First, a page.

Abstract and Keywords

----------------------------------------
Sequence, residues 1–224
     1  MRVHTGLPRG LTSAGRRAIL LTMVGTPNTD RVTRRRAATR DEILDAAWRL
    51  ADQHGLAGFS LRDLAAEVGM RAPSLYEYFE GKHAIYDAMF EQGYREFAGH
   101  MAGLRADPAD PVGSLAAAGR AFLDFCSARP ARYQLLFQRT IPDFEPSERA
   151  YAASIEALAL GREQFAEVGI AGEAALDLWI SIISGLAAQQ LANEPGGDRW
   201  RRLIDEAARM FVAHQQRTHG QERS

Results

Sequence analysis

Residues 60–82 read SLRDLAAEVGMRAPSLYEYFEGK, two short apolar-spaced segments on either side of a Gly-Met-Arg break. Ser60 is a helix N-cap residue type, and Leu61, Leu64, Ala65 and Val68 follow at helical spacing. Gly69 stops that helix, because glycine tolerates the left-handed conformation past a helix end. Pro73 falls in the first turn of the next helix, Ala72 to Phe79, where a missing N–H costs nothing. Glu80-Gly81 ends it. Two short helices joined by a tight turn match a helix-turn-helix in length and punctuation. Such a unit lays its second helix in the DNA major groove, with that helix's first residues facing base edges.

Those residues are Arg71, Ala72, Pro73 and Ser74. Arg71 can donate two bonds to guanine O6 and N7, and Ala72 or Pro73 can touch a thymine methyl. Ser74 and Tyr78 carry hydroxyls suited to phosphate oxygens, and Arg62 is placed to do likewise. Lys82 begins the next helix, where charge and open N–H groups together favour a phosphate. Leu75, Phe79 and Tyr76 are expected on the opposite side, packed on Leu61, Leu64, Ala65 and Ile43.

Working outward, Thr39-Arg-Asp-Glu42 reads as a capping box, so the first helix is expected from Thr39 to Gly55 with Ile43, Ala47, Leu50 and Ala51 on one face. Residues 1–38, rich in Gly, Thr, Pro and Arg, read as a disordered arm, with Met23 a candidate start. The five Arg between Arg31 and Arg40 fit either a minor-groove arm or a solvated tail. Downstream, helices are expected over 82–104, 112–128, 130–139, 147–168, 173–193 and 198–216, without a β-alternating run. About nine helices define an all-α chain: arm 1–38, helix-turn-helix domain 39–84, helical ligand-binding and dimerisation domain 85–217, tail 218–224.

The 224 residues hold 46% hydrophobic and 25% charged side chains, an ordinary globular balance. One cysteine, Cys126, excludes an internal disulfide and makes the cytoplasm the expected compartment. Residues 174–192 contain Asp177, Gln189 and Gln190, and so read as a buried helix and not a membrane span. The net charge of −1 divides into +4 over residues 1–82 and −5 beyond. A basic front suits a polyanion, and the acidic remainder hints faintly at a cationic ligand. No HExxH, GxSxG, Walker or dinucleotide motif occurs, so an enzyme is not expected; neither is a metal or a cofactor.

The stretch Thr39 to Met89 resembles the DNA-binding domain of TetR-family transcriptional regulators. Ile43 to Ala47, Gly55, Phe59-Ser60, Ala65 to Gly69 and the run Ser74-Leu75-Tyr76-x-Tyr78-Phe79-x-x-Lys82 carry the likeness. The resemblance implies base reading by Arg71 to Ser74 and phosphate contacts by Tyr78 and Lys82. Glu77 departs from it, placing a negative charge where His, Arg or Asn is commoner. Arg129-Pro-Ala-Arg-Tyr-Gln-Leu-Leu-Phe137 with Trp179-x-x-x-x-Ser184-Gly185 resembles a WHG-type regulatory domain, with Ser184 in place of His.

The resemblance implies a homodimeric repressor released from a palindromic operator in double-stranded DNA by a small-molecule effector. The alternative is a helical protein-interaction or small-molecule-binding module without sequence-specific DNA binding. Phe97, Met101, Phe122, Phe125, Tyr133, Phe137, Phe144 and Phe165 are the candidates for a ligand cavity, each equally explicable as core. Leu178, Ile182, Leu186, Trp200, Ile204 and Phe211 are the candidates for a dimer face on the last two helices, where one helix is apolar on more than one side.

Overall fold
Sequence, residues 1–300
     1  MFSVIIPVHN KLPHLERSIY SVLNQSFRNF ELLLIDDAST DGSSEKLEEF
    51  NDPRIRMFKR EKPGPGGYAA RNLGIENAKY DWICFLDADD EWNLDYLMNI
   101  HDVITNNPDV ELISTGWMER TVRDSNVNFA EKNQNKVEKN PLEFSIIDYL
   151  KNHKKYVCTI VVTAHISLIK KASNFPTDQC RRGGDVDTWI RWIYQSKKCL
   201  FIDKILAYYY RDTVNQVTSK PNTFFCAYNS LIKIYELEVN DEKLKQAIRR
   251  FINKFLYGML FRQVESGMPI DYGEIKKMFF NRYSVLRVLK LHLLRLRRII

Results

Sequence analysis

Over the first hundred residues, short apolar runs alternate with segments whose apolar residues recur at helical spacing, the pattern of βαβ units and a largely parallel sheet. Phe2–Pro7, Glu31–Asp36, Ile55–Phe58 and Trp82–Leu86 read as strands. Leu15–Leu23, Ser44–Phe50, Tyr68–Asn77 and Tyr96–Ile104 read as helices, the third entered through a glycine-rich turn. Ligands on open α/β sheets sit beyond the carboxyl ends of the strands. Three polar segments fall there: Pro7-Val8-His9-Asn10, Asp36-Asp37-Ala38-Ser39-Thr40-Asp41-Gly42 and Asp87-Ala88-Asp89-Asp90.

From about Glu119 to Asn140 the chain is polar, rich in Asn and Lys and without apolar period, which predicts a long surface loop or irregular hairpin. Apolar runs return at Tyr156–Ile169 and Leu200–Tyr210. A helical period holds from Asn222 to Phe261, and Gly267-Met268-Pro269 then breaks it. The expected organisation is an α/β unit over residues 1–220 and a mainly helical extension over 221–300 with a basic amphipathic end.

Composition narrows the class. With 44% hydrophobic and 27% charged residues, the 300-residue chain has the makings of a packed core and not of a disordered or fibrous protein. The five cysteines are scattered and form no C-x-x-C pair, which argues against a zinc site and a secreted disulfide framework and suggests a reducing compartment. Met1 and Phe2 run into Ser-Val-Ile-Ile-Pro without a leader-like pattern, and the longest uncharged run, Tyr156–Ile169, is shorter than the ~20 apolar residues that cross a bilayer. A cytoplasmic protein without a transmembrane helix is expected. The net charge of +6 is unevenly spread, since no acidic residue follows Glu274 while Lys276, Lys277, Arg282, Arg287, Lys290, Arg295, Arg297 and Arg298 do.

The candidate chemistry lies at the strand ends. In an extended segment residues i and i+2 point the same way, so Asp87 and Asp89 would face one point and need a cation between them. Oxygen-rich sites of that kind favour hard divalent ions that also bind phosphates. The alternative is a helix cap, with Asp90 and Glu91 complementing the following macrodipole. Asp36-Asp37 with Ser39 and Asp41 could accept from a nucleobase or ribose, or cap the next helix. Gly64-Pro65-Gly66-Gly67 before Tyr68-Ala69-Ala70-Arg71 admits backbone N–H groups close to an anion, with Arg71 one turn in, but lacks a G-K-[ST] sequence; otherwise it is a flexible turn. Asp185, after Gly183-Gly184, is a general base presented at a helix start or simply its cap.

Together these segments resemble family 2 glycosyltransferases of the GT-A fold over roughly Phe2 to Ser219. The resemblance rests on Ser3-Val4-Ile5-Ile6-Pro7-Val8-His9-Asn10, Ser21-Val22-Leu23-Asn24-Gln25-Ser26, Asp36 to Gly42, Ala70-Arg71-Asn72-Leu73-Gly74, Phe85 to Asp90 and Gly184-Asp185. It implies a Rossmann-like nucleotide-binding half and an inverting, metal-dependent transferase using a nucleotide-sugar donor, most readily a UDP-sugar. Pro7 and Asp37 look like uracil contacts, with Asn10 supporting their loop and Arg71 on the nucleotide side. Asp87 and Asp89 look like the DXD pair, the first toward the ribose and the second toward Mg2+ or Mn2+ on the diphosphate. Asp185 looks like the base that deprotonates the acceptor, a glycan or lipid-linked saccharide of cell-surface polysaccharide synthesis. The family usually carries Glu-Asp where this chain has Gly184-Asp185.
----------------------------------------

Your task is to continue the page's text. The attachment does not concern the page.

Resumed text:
This chapter discusses intermediary liability and trade mark infringement from a civil law perspective, while highlighting differences and commonalities of trade mark and copyright enforcement online. The chapter considers first how the infringement test in EU trade mark law is more context-specific than the infringement analysis in copyright law and how limitations of trade mark rights provide room for unauthorized use that serves (commercial) freedom of expression and freedom of competition. In this context, this chapter looks into the use of filtering mechanisms and how they might wash away these important nuances of the scope of trade mark protection. Again, the chapter makes a distinction between legitimate comparative advertising and infringing consumer confusion, legitimate brand criticism and infringing defamation, legitimate offers of second-hand goods and infringing sales of replicas in order to consider the threshold when trade mark owners obtain overbroad protection. Further, this chapter reviews leading case law of the Court of Justice of the European Union on the question of intermediary liability and filter obligations that points towards a cautious approach in trade mark cases—an approach that does not undermine the inherent limits and statutory limitations of trade mark rights. However, examples of court decisions in civil law jurisdictions, such as Germany, show a tendency of developing national doctrines that allow the imposition of more extensive filtering duties. Against this background, the chapter concludes by considering whether a balanced approach based on the principle of proportionality should prevail in trade mark cases.
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